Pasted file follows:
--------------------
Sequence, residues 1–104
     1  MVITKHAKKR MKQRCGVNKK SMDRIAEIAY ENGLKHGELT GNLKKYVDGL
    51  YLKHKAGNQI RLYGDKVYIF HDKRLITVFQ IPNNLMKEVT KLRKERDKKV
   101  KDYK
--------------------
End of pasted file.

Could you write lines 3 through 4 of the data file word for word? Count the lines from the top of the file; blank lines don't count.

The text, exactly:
    51  YLKHKAGNQI RLYGDKVYIF HDKRLITVFQ IPNNLMKEVT KLRKERDKKV
   101  KDYK